The essence of Bello's argument is based on sound historical and philosophical study. As he explains in his first chapter, "Capitalism vs. The Peasant," capitalism, which he describes as "the organization of production to extract surplus value or, broadly, profit, from workers in the production process" (19), has overtaken all other modes of food production in the world. Because of this, Bello posits, the traditional notion of self-subsistence, or of farming households taking care of their own and neighboring families, has become a thing of the past. He describes this as the "displacement of peasant agriculture by capitalist agriculture" (19) and explains that this displacement is essentially at the root of the crisis at hand. Readers who may be inclined to dismiss Bello's theories as fanatical or outrageous need only read through this first chapter to see that Bello's ideas are based on sound premises. He draws on the writings and theories of a range of thinkers from Barrington Moore to Eric Hobsbawm to convey his message.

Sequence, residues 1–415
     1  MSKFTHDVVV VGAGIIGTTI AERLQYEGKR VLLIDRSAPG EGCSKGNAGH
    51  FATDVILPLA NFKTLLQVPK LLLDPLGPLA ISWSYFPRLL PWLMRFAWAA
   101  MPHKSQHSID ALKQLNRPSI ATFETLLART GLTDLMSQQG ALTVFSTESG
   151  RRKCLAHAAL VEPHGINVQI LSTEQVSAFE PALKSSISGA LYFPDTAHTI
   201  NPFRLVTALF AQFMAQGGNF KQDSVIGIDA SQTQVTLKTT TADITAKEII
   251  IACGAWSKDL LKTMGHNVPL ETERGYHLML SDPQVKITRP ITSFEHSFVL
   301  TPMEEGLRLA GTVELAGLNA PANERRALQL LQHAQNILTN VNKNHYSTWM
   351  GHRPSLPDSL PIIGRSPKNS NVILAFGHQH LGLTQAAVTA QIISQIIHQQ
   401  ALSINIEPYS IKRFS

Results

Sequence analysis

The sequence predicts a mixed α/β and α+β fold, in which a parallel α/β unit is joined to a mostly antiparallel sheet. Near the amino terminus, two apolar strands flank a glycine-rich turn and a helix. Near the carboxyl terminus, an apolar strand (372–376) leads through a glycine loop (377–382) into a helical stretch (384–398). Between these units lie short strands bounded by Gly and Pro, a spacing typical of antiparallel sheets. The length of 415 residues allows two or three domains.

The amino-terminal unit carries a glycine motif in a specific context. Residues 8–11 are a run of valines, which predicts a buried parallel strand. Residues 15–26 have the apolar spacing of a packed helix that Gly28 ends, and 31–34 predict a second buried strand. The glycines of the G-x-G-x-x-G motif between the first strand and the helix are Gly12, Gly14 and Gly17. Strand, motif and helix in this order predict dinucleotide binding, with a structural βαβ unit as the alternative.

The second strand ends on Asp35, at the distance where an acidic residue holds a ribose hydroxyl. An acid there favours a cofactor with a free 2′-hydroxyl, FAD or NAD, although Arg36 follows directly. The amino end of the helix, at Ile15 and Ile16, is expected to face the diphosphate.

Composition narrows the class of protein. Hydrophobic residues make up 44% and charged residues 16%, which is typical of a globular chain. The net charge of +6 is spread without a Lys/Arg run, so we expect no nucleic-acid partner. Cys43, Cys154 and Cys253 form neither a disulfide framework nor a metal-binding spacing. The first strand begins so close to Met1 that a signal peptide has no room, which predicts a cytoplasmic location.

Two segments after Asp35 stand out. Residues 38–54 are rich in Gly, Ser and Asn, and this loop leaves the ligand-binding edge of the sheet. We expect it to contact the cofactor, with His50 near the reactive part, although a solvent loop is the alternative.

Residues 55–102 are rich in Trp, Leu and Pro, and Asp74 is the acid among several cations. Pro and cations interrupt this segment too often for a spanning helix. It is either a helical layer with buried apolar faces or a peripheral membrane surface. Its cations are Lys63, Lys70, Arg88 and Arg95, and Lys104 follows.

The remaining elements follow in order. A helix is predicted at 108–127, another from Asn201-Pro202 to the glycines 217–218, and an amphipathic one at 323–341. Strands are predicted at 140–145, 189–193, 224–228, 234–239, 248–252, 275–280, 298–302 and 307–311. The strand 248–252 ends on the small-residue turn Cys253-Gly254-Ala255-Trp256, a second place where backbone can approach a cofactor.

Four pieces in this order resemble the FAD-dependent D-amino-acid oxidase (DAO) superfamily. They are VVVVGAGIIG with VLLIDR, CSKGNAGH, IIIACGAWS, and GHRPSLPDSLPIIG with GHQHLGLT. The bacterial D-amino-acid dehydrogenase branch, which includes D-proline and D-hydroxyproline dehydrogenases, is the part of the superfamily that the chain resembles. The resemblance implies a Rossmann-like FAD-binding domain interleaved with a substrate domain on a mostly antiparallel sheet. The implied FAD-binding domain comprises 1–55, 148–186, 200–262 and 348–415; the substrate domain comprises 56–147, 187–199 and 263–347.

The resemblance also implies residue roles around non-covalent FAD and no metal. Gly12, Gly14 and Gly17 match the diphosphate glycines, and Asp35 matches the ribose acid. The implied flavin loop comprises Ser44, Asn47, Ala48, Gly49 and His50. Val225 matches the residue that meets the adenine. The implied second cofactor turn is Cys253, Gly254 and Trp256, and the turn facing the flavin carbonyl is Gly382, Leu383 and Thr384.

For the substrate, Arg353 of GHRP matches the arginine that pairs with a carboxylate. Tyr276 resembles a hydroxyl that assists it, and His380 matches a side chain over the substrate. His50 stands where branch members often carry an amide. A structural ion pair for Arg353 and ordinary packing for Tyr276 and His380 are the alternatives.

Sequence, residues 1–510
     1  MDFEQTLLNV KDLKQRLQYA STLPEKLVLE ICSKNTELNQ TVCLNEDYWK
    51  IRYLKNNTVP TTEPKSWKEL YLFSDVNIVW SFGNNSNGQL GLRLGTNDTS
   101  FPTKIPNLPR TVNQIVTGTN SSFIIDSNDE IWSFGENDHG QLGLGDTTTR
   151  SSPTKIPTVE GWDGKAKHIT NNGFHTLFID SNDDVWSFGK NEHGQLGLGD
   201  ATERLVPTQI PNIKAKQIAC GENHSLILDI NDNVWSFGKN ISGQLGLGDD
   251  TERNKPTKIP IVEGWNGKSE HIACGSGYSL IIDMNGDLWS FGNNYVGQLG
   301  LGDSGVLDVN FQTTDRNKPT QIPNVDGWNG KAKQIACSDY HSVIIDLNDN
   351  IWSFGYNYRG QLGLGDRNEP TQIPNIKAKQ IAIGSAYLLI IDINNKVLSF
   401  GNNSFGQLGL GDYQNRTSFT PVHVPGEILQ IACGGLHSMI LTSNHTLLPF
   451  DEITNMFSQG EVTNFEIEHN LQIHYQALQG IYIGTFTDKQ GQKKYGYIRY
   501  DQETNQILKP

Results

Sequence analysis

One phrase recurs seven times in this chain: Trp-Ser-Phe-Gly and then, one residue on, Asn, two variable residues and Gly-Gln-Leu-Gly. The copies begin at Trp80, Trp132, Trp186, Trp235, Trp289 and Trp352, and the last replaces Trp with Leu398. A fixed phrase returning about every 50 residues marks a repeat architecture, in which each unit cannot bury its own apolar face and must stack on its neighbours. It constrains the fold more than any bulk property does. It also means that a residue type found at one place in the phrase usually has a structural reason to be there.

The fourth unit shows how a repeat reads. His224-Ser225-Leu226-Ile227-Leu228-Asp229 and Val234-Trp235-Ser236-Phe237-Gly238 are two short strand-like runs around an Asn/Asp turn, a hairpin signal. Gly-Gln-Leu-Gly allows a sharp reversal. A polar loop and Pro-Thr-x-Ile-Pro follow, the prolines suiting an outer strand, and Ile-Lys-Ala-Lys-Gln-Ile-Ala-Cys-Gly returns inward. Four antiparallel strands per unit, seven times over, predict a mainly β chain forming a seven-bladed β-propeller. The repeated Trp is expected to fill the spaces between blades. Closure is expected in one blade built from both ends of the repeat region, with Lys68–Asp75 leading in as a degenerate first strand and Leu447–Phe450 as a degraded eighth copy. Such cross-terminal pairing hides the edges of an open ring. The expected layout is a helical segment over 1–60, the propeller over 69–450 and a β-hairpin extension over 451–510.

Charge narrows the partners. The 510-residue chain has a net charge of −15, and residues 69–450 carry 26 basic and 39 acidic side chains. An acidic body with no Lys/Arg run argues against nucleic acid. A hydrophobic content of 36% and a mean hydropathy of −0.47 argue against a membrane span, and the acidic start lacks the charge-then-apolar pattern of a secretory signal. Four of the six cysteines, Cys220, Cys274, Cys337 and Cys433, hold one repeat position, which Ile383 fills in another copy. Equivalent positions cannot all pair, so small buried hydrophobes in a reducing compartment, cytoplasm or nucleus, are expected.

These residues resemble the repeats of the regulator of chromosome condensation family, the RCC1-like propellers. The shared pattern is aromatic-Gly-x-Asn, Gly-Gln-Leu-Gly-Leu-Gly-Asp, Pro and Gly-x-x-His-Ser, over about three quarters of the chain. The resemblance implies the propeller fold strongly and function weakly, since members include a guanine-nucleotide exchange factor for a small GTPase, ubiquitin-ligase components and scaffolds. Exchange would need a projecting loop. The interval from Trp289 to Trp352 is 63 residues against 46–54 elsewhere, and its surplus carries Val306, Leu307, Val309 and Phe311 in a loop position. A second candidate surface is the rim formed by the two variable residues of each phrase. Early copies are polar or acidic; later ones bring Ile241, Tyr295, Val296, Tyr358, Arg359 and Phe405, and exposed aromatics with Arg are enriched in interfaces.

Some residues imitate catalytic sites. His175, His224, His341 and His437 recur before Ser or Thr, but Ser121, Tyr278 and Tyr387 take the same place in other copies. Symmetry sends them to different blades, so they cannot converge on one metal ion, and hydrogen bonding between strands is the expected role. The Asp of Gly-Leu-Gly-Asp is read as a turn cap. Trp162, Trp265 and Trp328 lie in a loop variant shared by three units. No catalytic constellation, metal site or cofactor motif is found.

Bello does a good job of explaining the Bretton Woods system and the concept of "embedded liberalism," a term that was coined by American political scientist John Ruggie. He explains that "the food regime that corresponded to the Bretton Woods order was one that rested on a system of agricultural and food production in the developed countries that had become capital-intensive and industrialized, mimicking the 'Fordist' organization of industry in the postwar era" (Bello 24). He goes on to explain the essence of this proposed compromise and the trend towards centralization of capital that accompanied it.